Exercise therapy is widely recommended for managing knee, hip and hand OA. It is considered the most effective non-drug treatment for reducing pain and improving movement in osteoarthritis.
Muscle weakness, particularly in the quadriceps femoris, is associated with increased pain levels and poorer physical function.
Strong muscles are stress resilient and exhibit greater motor control.
Women suffering with arthritis have stiff joints — largely because they avoid movements that can increase pain. Immobility makes the stiffness and pain only get worse.
Building strength in the involved muscles surrounding the joint is extremely important, since stronger muscles can better stabilize a weakened joint.
In the case of acutely inflamed joints, isometric exercises should be practiced without exacerbation of clinical disease activity. Moderate contractures should be held for 6 seconds and repeated 5–10 times each day.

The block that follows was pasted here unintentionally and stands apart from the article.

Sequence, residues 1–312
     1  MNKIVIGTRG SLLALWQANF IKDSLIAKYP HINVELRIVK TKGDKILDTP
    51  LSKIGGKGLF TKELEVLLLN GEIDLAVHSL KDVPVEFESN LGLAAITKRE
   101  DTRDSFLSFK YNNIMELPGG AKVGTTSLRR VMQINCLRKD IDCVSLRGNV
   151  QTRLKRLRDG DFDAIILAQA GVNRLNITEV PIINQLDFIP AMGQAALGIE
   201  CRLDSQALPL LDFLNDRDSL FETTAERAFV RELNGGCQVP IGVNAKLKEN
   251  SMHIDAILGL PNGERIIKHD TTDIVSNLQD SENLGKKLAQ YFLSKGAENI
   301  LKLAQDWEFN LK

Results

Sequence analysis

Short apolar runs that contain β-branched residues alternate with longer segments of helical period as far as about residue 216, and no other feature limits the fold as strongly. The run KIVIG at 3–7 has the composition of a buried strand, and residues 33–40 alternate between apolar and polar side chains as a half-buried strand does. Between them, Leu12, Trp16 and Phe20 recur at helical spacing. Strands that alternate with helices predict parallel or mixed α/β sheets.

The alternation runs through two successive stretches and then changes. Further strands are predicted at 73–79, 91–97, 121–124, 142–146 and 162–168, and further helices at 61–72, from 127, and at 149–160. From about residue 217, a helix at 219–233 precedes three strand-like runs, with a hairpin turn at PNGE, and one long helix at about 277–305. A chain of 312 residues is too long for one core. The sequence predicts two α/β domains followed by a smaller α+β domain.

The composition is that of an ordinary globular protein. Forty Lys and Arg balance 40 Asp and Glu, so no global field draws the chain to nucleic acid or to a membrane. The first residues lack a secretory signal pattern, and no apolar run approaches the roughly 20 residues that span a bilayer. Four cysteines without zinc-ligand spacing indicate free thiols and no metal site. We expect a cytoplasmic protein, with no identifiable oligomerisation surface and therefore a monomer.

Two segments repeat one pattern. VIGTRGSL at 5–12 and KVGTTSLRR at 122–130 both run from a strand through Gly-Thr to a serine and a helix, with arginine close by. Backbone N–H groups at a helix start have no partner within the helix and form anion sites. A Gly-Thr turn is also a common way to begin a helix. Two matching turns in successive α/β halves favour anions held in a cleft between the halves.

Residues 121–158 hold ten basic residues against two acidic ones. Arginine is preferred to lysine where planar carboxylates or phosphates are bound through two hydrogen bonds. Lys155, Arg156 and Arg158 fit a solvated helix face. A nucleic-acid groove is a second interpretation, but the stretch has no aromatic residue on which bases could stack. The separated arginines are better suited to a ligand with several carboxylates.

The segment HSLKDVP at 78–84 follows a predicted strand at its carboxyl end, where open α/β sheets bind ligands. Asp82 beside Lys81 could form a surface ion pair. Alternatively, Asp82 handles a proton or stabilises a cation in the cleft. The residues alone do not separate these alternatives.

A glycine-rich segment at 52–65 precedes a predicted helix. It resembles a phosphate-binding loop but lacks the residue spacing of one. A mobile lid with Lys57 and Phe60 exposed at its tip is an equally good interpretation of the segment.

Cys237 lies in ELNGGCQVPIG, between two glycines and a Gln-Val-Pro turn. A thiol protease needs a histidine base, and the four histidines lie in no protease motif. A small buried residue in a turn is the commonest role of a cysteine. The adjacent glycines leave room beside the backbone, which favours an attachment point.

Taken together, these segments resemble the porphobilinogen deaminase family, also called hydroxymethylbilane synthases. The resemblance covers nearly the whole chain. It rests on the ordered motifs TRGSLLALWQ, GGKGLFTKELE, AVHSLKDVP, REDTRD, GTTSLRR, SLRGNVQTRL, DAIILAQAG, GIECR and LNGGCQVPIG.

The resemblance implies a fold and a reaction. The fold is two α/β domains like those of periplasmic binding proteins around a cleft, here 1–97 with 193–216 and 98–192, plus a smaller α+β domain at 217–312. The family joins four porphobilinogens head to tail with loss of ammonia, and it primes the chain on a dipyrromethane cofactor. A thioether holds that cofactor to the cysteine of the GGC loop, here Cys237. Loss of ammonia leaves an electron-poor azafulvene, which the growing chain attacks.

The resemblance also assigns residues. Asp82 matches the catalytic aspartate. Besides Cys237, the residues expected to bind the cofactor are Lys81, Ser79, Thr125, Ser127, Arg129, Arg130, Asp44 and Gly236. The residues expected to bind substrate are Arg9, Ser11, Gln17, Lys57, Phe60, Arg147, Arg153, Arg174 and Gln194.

Isotonics exercises involve joint mobility. This group of exercises are more intensive, achieving strength development through increased repetitions or by introducing increasing weight resistance such as with small dumbbells or stretch bands.
Walking is idle aerobic exercises to begin because it requires no special skills or equipment other than a good pair of supportive walking shoes, and it’s less stressful on joints than running or jogging.
Cycling is another exercise for women with arthritis, because it places less stress on knee, foot, and ankle joints.
Swimming is also often recommended because there is minimal pressure on joints while in water.
Note: If pain persists more than 2 hours or too much fatigue, loss of strength, or increase in joint swelling occurs after an exercise program, then it should be revised.
The Content is not intended to be a substitute for professional medical advice, diagnosis, or treatment. Always seek the advice of your physician or other qualified health provider with any questions you may have regarding a medical condition.